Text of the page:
Conduct disorder: One of the main components of conduct disorder is aggression. While children with conduct disorder are able to think through their actions, they may just not care if their actions are aggressive and mean.
Oppositional defiant disorder (ODD): This disorder is characterized by a pattern of defiant, openly hostile, and angry behaviors towards parents and people in authority. A child or teen with ODD may act aggressively toward any adult, including parents, teachers, and school administrators.
Schizophrenia: Schizophrenia in children produces distressing internal provocations, such as voices telling them to act in a certain way. During an episode of paranoia or psychosis, a child with schizophrenia may lash out aggressively at others.
Treatment of Aggression in Children and Teenagers
A child who is experiencing aggressive behavior problems should seek treatment from a qualified pediatric psychiatrist who has experience working with aggressive children. Through a careful set of evaluations and examinations (including a medical evaluation to rule out any medical causes for the aggression), a pediatric specialist will work to diagnose a child who has a suspected mental disorder that’s causing aggressive behaviors.
Treatment plan: Once a proper diagnosis is obtained, a pediatric specialist will work with a child and their family members to create a care plan that will focus on treating the underlying cause of these aggressive behaviors.
Medication management: Depending upon the type of disorder your child is diagnosed with, medication may be used to help control some of their symptoms. The type of medication will vary depending upon the diagnosis. If medication is not needed to manage the underlying disorder, it may be used as a way to temporarily control aggressive behaviors for certain children until they can learn to act in more appropriate ways.
Behavioral counseling: If a child is old enough to understand a system of rewards and consequences, a therapist will work with your child to create a behavior contract which specifies the outcomes for various behaviors. A child will receive some type of reward for positive behavior choices, and a consequence for negative, aggressive behaviors. Behavioral counseling will also address social skills, environmental triggers, and how to manage the aggressive behaviors.
Group therapy: An outpatient group therapy program that allows children with aggressive behavior to interact with peers going through similar struggles can be a great way for them to practice their social skills and manage their aggression. Groups will also focus upon aggression-related topics as needed.
Family therapy can be a very important part of the treatment process for children with aggressive behaviors. Family sessions will allow all family members to get on the same page in regards to treatment and ask questions of trained professionals in order to obtain more information about treatment, causes, and recovery.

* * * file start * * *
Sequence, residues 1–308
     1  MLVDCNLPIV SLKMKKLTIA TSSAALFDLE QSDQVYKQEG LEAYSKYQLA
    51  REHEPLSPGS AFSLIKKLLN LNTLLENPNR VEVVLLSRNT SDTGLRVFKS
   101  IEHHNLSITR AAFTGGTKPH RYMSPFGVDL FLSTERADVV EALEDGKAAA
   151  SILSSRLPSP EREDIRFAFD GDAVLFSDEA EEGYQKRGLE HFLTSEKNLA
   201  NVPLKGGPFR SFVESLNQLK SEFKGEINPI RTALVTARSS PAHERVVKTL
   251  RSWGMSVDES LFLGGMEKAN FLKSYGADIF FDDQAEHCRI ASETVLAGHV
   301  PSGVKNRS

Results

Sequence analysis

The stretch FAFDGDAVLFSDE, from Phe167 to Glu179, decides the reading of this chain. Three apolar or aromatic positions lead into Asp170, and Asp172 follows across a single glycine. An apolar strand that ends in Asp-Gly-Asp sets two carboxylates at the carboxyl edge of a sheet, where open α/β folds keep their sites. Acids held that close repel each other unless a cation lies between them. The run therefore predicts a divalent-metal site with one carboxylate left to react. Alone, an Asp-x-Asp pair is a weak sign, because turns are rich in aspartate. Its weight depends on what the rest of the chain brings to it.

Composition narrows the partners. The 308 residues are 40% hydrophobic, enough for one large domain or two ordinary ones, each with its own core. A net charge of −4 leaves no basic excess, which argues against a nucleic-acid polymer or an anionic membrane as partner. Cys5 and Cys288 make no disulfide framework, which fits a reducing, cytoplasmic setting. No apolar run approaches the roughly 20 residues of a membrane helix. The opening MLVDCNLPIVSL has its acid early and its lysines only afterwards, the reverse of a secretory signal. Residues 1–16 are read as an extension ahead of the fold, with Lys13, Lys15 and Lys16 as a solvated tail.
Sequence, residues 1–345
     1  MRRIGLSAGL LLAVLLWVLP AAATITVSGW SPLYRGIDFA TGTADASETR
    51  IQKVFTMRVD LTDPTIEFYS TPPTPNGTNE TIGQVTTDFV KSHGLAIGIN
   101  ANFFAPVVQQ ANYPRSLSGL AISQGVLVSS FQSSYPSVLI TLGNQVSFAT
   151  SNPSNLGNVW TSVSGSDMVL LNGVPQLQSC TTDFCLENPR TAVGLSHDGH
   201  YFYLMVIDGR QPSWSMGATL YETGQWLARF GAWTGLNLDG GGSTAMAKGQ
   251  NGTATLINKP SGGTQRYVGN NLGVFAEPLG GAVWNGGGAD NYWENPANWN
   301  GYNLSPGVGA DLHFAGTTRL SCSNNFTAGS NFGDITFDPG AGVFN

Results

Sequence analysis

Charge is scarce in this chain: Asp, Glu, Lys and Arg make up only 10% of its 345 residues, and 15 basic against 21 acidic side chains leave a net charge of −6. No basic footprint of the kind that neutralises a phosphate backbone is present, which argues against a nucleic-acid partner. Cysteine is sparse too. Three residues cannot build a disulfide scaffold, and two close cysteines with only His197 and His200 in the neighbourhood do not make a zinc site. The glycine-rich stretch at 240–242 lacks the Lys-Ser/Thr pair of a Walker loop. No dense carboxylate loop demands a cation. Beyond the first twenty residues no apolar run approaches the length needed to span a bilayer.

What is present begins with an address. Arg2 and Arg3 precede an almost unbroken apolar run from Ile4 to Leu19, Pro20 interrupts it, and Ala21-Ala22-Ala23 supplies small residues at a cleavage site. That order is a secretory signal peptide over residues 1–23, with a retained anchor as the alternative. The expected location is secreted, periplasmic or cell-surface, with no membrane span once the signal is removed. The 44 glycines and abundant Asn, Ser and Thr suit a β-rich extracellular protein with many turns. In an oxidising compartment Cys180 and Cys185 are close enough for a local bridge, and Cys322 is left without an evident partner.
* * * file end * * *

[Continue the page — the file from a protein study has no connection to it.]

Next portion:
What Causes Aggression in Adults?
Anger is a normal human reaction to threats that allows people to fight when they are threatened. However, when anger gets out of hand it can cause much trouble. Aggressive behavior in adults may be the result of many negative life events and experiences coming together or as a feature of a mental disorder. The most common disorders that have aggression as a symptom include:
Antisocial Personality Disorder (ASPD): This personality disorder is characterized by a long-term pattern of a violation and disregard for the rights of others. This may be the result of decreased conscience or moral values, or a history of criminality, incarceration, or legal problems, as well as impulsive and overly aggressive acts.
Bipolar disorder: During the manic or depressive cycle of bipolar disorder, some individuals become irritable and may end up acting in an aggressive manner, lashing out at those around them physically, verbally, or both.
Borderline personality disorder (BPD): People who have BPD are more likely to experience severe emotional instability, especially during a time when they feel a threat of abandonment, which can lead to aggressive acts.
Histrionic personality disorder (HPD): Individuals who have HPD exhibit many attention-seeking behaviors and emotional instability. When a person with this disorder isn’t getting the attention they want, they may lash out aggressively to gain the needed attention.
Intermittent explosive disorder (IED): People who struggle with IED have a pattern of impulsive, violent, angry, and aggressive behaviors that are greatly out of proportion to the situations. People with IED may attack other people who they see as a threat or may destroy others possessions during a bout of aggressive behaviors.
Schizoaffective disorder: This disorder combines the symptoms of schizophrenia and a mood disorder, including hallucinations and delusions. When a person with schizoaffective disorder has a psychotic break, he or she may act out aggressively in response to internal stimuli and faulty perceptions.